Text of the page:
Cookie Ruiz, Ballet Austin’s executive director, recalls the first time the Butlers visited the former company headquarters in the fall of 1996. At the time Ruiz was Ballet Austin’s new development director. She had started a “Lunch and Illumination Series” to introduce the community to the organization because she knew that Ballet Austin was under the radar in Austin and she wanted to change that. It worked. Ruiz remembers that the Butlers were invited to attend one of those luncheons and they arrived 30 minutes early on a day when it was pouring rain and the staff was not quite ready to begin. That was the day the concept of “Butler time” began to take hold in Ruiz’s life. She says that there is the “start time” for each event, and then there is “Butler time” — essentially 30 minutes prior to the posted start time. “Ballet Austin is a better organization for understanding the difference,” Ruiz says.
As another illustration of the Butlers’ commitment to Ballet Austin’s future, in 2013, they established the Butler Fellowship Program, which offers 15 fully underwritten scholarships to outstanding aspiring pre-professional dance students. The fellowship features an innovative and personal approach to traditional, professional-track training. Butler Fellows are selected through Ballet Austin’s Senior Summer Intensive, following a nationwide audition, and participate in up to 17 hours of classes per week. Last year the pool of students comprising Ballet Austin’s Summer Intensive Program came from 125 cities, 38 states and four countries.
Ballet Austin dancer Chelsea Marie Renner, originally from Bozeman, Mont., was one of the first recipients of a training scholarship from the Butlers in 2005. Chelsea was selected to join Ballet Austin II and eventually was invited by Stephen Mills, Ballet Austin’s artistic director, to join the company. Sarah notes that after her initial year with her scholarship, Renner took subsequent young dancers under her wing to mentor. As fellows, the dancers pay no tuition. They take class daily and are sometimes chosen to dance roles in the professional company. They use the fellowship year to decide if they will pursue a professional career. Some Butler Fellowship dancers grow, mature and move to other companies, but the Butlers remain equally proud of them because they are raising the level of the art form.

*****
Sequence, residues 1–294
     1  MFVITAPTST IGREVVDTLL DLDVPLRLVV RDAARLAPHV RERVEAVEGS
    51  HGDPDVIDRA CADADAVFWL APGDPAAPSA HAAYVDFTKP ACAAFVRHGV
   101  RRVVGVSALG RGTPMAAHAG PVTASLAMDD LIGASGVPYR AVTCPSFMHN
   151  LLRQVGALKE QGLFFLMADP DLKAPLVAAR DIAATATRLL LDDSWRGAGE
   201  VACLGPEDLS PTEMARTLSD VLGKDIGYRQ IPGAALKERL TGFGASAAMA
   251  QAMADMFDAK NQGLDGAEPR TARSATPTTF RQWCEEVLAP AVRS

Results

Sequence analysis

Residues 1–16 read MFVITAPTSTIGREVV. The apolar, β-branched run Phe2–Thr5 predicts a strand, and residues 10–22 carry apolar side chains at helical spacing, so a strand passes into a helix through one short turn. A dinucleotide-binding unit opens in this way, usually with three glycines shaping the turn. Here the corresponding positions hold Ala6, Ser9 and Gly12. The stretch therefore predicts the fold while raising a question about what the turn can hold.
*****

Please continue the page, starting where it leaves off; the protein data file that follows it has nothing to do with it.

Providing Risk Capital for Future Dancers
“For years the Butlers have dedicated much of their philanthropic energy to the final, most expensive stages of an aspiring artist’s preparation,” Ruiz says. “They provide ‘risk capital’ as an investment in what might be . . . knowing there are no guarantees, but also knowing that these young people need a chance to keep going.” In her view, many artistic voices are never heard or fully realized, because when the time comes for an artist to leave behind ‘plan B’ and truly focus on their potential for a professional career with their full attention, financial challenges rob them all of possibility. “The Butlers understand this and invest deeply in this critically important part of the creative ecosystem,” Ruiz says. “There are already dance artists who will forever know that, without the Butlers, there would have been no next step in their careers.”